Scammers target Toitū te Tiriti movement: 'They don't really care where they get the money from"

8:34 am on 6 March 2024
Kāhui (group) gathered at the Treaty grounds holding Toitū Te Tiriti posters as te hau kāinga prepare to welcome the government at Waitangi Monday 5 February 2024.

People bearing Toitū te Tiriti in action at Waitangi this year Photo: RNZ / Angus Dreaver

Scammers have targeted the merchandise of Māori designers and artists promoting the Toitū Te Tiriti movement.

The phrase - meaning Honour the Treaty - has become a popular catch cry for activists protesting the government's policies affecting Māori.

Aroha Tamihana - the owner of Maimoa Creative - released a free, downloadable Toitū te Tiriti template in the lead up to Waitangi Day.

She was later alerted by her followers that someone was using her free design to make a profit.

Aroha Tamihana owner of Maimoa Creative.

Aroha Tamihana Photo: Catherine Smith Photography

She was able to get the website taken down within 48 hours, but not before a few people were sucked in.

Screenshot from the scam website

Screenshot from the scam website. Photo: Supplied / Aroha Tamihana

"Their website was very sophisticated, very polished, they even had the nerve to put in a pepeha. Which was actually one of the warning signs because their pepeha didn't really make sense when you read it," she said.

Tamihana said scams like this were getting more sophisticated and it was no longer a matter of just looking out for spelling mistakes.

"Honestly I think everyone's a target, scammers don't really care who they scam or where they get the money from, I think they just target whatever is trending, they target vulnerable people or innocent people, people that don't really know what to look out for."

Tamihana said the whole experience has been unpleasant, especially after she reached out to the sham website and they responded with highly threatening e-mails.

She initially considered withdrawing her free templates but decided against it.

"I realized that's kind of letting them win and that's not really fair on the hundreds of other people that actually are really respectful and do support my kaupapa, so it was a passing fleeting thought but in the end I was like 'nah this is going to happen regardless' I just have to be aware of it and on the lookout."

Tamihana said consumers need to look out for reviews and check the websites social media accounts, especially if you're an impulse buyer.

'It is getting quite painstaking'

Artist Hori Hohepa Thompson

Photo: Artist Hohepa Hori Thompson

Ōtaki based artist Hohepa 'The Hori' Thompson also had his designs taken by the same people. He said they were only after one thing - the money.

Artists were sick to death of putting in the hard work, only to have someone come in and profit off their brand, he said.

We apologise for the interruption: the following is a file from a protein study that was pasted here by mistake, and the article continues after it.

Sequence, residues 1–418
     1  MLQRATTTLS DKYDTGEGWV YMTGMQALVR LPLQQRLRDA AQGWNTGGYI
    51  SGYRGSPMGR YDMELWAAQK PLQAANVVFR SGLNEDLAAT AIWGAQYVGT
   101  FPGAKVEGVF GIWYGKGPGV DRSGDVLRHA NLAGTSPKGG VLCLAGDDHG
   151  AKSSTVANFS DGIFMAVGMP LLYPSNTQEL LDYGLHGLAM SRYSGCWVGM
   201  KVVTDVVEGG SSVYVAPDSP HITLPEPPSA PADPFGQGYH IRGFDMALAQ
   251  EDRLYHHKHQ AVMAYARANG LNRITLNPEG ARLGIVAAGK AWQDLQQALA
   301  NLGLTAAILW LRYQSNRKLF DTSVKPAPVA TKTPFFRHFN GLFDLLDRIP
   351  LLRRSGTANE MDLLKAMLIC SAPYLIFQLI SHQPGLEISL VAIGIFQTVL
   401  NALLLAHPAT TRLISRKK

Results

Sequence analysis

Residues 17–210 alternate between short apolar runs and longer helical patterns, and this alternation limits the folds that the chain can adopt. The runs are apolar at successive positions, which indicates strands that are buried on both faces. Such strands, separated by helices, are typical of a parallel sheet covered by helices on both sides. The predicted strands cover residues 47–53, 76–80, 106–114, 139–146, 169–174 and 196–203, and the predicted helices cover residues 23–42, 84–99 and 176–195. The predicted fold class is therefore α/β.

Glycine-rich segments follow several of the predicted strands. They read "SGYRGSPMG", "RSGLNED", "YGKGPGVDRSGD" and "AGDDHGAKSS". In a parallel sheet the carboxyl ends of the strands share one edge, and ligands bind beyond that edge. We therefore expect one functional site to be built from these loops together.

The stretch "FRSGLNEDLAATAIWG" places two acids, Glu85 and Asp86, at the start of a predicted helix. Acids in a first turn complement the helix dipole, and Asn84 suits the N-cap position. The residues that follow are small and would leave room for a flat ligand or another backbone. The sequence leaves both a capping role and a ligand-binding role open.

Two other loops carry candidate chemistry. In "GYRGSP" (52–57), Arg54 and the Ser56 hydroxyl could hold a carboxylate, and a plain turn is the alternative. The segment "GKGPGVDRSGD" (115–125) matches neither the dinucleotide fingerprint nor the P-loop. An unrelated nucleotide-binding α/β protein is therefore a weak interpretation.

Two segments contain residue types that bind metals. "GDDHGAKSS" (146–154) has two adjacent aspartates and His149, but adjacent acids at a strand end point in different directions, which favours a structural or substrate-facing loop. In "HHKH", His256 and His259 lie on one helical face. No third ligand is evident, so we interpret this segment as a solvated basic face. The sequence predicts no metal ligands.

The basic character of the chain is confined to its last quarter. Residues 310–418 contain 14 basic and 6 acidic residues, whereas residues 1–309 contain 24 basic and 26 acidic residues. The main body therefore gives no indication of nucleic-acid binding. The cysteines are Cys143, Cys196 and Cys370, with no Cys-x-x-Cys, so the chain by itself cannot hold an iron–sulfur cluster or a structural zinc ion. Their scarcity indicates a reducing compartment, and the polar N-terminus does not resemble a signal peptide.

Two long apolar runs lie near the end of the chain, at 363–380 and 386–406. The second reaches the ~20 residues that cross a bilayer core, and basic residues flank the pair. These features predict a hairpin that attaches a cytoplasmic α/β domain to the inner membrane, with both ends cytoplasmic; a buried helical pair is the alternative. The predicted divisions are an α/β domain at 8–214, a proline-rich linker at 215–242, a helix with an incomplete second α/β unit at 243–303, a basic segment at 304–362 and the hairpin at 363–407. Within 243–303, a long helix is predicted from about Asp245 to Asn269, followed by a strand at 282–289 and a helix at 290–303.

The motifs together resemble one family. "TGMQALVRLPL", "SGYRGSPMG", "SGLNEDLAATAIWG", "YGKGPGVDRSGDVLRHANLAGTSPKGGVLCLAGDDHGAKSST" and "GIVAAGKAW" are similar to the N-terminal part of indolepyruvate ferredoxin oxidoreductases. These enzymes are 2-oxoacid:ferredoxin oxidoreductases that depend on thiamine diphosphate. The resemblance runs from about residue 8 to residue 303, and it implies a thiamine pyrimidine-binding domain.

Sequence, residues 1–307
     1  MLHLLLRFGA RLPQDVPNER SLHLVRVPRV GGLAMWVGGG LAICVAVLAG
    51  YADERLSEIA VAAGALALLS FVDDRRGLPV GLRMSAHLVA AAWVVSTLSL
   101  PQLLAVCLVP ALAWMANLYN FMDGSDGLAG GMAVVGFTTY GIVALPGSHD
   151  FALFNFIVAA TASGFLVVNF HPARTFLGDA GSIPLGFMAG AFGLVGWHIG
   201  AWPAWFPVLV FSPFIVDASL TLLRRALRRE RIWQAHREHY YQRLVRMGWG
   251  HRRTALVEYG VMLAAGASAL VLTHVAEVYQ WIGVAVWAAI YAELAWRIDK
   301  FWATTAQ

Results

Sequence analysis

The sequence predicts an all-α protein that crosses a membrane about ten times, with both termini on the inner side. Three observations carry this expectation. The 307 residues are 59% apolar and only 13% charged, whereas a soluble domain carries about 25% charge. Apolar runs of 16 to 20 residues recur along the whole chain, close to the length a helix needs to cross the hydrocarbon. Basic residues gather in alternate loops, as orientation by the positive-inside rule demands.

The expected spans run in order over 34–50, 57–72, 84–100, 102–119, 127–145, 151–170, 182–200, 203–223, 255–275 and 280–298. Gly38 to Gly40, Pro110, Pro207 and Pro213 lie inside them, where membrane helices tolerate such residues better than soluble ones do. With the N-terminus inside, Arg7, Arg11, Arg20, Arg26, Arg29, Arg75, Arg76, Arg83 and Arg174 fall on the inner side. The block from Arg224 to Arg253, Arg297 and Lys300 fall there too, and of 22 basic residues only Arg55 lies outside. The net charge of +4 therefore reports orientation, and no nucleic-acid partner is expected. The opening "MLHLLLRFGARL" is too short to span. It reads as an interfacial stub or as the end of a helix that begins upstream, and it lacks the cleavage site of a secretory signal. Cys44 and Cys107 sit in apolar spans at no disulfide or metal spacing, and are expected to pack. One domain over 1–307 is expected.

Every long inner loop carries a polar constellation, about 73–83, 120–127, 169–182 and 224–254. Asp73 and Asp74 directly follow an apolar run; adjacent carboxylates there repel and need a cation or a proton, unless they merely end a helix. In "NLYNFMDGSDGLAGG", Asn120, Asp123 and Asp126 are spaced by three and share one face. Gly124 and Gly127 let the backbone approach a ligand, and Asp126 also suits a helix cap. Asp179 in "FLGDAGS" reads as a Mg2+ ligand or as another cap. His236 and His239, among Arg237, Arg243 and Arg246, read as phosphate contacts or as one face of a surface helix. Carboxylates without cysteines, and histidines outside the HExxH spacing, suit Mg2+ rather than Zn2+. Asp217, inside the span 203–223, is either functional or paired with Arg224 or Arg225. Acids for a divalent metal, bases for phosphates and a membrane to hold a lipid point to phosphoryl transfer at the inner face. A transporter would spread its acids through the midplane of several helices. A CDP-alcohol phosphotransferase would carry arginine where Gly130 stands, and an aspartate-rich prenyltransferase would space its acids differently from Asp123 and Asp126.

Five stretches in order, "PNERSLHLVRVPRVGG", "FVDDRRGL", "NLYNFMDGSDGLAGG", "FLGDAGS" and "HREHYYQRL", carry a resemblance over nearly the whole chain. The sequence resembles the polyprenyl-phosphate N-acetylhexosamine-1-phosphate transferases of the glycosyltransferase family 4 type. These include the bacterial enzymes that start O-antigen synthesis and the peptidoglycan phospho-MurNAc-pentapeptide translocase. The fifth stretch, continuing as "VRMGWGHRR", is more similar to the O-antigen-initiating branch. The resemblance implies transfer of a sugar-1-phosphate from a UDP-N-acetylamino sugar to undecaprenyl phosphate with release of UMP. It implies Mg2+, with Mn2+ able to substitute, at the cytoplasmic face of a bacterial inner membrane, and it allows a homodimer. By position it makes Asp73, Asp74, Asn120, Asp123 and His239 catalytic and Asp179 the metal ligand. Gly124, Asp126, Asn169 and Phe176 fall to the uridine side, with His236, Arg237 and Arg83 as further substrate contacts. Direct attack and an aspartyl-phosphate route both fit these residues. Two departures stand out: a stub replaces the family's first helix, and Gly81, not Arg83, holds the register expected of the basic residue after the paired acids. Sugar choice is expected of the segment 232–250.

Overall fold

"I'd love to sit down face to face with every single one of them and go well just show me your designs. I want to see your designs, not my designs, and I want to challenge you on why you actually think this is okay... to take all these peoples hard work."

Screenshot from the scam website

Screenshot from the scam website, with Aroha Tamihana's design on the right and the Hori's on the left. Photo: Supplied / Aroha Tamihana

Thompson said Toitū te Tiriti was about the kaupapa - the activism - not about turning a profit.

"It is getting quite painstaking having to constantly message them, and their arrogance in saying that 'this is about the kaupapa' they are blatantly not. They are just profiting from this and not one part of that goes toward the kaupapa whatsoever, it goes into their back pocket."

Thompson has been in business for 12 years and he said he had developed a tough skin, but he felt bad for the artists who were just getting started.

He said artists needed to stomp out scams straight away - even if it meant getting lawyers involved. Scammers will backpedal if they got that message, he said.

'A significant increase in misuse'

Lynell Tuffery Huria - a patent attorney and tumu whakahaere (managing partner) at Kahui Legal - said the number of scams like this had increased, especially since Covid when there was a proliferation of internet businesses.

She said as technology improved, Māori designs were at risk. Scammers could simply extract the designs and put them on everything from blankets to cars to shower curtains.

"There are definitely deliberate attempts to appropriate and misappropriate indigenous designs around the world, so therefore Māori and other indigenous peoples are facing a significant increase in that misuse and appropriation."

Huria pointed to the landmark WAI 262 claim - commonly known as the Fauna, Flora and Intellectual Property Rights claim - as an attempt to get the government to consider protections for Māori IP.

But she said because the claim was so complex and all-encompassing, the government had done very little to settle the issues raised in it.

"So there are some specific protections available, but there's no general protections. There's no general acknowledgment that our culture and heritage is a taonga and therefore we need to be respectful when we are using that taonga, we are using that taonga in accordance with a te ao Māori perspective."

Huria said there were a few options available to take down scam pages - social media sites usually have fast working takedown measures to tap into, the scammers can be contacted directly or legal support could be sought.

"Legal support is helpful but given the regime that we have or the legal system that we operate in and the lack of protection, it is very difficult to get them taken down through the legal means, so it's usually a vehicle of last resort."